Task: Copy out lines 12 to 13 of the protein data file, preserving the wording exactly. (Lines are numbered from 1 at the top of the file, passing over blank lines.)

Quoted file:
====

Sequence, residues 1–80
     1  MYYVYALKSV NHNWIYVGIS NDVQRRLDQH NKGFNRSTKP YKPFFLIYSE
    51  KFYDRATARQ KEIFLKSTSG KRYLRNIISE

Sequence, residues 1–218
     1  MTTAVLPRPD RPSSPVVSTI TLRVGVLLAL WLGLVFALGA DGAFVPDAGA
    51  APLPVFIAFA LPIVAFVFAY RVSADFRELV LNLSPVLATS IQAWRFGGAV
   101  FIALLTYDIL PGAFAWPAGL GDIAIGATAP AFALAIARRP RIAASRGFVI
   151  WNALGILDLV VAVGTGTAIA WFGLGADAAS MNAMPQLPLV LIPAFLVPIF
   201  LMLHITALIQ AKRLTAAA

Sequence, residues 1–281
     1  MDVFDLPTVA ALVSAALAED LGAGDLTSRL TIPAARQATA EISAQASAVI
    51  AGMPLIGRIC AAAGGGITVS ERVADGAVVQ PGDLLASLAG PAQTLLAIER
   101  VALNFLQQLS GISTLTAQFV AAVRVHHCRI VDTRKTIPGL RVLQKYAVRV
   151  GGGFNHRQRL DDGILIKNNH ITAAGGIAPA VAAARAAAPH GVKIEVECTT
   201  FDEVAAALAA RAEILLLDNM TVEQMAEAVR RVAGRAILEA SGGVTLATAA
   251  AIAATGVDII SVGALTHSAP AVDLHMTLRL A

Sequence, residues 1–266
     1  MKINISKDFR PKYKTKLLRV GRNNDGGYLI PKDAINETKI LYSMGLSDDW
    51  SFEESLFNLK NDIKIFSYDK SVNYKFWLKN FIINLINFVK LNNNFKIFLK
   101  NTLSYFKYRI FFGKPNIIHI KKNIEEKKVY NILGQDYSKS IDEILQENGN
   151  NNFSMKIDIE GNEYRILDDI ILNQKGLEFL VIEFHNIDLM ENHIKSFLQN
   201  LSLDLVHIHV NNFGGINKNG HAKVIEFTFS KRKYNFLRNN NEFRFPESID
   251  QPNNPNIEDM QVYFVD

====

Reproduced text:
    51  AGMPLIGRIC AAAGGGITVS ERVADGAVVQ PGDLLASLAG PAQTLLAIER
   101  VALNFLQQLS GISTLTAQFV AAVRVHHCRI VDTRKTIPGL RVLQKYAVRV